Loading
Search
NEWS STORIES

Proposed committee could politicize education standards writing process, replace Common Core Submitted: 02/19/2014
Story By Adam Fox

Proposed committee could politicize education standards writing process, replace Common Core
MADISON - Some Wisconsin legislators believe education standards should get a fresh look and make changes every six years.

Authors of a state education proposal want to form a committee to do that.

The Republican backed bill would give the governor, the Department of Public Instruction (DPI) and the heads of both parties in the legislature the power to pick the 15 member committee.

Republican Rep. Jeremy Thiesfeldt sits on the Assembly Committee on Education and sponsors the bill, AB 617.

He says the selected members would need to be teachers, parents, board members and other education experts. He says the governor would pick six members, DPI would select 5 members, then the majority and minority leaders of the Assembly and Senate would each select a member to round out the 15 person committee.

Thiesfeldt says the committee isn't being proposed as a Republican power grab in education.

"This isn't built just to fit just this time in space," Thiesfeldt said. "This is built looking out to the future too, you know because we're not going to have Republicans in control forever."

But the bill will give the sitting governor's party the power to appoint the majority of the members on the committee. The six selections from the governor's office, plus the two selections from the legislature would make a majority on the 15 member committee.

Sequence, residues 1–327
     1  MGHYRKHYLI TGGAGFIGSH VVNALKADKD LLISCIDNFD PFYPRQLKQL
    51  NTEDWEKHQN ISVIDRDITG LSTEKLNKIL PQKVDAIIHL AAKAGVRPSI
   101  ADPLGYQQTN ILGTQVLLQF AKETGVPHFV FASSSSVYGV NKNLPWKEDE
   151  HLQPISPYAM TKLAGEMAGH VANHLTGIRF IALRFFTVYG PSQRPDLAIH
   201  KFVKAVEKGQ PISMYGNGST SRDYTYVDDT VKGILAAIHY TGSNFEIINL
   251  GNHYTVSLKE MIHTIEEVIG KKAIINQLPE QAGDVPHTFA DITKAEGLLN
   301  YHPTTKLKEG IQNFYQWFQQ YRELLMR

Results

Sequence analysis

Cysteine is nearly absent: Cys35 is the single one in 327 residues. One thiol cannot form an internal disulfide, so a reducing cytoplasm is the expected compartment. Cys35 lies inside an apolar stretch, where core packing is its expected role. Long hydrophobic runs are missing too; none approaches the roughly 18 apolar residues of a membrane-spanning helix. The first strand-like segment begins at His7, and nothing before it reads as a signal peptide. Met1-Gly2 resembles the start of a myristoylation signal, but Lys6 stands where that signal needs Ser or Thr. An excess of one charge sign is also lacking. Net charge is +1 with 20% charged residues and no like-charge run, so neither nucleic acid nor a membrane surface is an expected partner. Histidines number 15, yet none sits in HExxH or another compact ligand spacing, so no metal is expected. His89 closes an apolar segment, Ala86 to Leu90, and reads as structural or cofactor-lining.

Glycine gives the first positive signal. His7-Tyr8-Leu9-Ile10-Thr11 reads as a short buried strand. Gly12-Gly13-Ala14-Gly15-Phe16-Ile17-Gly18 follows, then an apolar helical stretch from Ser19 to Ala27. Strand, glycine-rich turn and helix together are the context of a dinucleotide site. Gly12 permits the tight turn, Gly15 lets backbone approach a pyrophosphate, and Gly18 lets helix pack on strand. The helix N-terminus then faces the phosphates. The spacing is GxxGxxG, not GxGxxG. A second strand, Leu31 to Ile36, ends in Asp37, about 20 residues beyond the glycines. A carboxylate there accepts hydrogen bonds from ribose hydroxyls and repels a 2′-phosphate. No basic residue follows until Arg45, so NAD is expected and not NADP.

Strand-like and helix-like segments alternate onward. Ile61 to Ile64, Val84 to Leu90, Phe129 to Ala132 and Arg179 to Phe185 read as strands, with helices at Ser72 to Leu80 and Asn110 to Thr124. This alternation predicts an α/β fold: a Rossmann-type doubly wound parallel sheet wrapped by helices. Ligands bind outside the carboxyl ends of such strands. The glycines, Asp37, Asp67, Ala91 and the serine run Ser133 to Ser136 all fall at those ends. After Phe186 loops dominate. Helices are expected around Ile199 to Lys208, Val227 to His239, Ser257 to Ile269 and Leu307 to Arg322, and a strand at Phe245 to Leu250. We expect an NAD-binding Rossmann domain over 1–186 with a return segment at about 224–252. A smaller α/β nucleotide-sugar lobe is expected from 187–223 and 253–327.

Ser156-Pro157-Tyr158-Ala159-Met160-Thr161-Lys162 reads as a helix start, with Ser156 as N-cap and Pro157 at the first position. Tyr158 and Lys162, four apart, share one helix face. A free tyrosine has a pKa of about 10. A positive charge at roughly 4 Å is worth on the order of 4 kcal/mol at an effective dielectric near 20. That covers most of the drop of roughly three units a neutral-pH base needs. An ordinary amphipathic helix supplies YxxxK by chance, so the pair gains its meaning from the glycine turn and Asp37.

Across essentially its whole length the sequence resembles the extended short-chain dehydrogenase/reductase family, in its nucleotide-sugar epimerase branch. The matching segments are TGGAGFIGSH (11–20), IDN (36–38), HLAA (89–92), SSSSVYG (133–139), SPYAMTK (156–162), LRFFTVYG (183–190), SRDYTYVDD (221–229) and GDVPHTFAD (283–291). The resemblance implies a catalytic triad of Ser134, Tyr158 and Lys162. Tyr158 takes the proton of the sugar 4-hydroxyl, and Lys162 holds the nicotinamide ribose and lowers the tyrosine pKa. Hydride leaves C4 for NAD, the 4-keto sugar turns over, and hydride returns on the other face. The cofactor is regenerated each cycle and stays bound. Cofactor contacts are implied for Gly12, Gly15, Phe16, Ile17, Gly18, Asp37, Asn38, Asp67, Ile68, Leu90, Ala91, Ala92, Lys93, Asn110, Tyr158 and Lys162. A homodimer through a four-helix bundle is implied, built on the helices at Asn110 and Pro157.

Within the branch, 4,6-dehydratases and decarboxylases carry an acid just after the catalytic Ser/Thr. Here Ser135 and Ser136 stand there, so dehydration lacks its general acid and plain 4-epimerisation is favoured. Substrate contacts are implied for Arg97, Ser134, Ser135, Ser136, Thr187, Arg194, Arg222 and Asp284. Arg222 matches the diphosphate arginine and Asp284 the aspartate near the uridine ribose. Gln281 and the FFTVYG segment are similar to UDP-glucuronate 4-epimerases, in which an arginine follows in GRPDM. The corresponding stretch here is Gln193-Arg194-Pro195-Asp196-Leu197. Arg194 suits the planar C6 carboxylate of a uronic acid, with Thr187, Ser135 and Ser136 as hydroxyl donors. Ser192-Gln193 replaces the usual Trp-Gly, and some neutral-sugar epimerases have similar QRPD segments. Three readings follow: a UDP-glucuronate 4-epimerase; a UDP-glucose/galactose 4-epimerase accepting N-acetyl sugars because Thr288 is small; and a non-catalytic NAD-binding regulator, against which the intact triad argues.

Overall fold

That's something that worries Democratic Rep. Mandy Wright. She also sits on the Assembly Committee on Education, and worries the proposal is politicizing the standards writing process.

"It's a big reason I ran for office is to make sure that we don't really politicize education, and that we leave it in the hands of the experts," Wright said. "And I am concerned this goes too far in making our standards politicized."

The committee's standards would also replace the state's current Common Core standards. Wisconsin adopted those standards in 2010 for both math and English. More than 45 states have adopted some part of the standards across the country.

According to the Wisconsin Department of Instruction, Common Core provides guidance and support, while still maintaining the local control so important to districts throughout the state. It also helped standardize curriculum.

Wright was a teacher before being elected to the Assembly in 2012. She has experience teaching the Common Core standards.

"I don't think it's perfect," Wright said. "I do think there is room for improvement overall and I see that there was a need for standardization of our curriculum and I think Common Core takes us in the right direction."

State Superintendent Tony Evers agrees. He called the proposed bill "wholly unacceptable" this week.

He said Wednesday in a YouTube post that the standards change would be a step backwards for Wisconsin.

"We're going to be a national embarrassment, for what we are doing in public education, we can't afford that, our economy can't afford that," Evers said.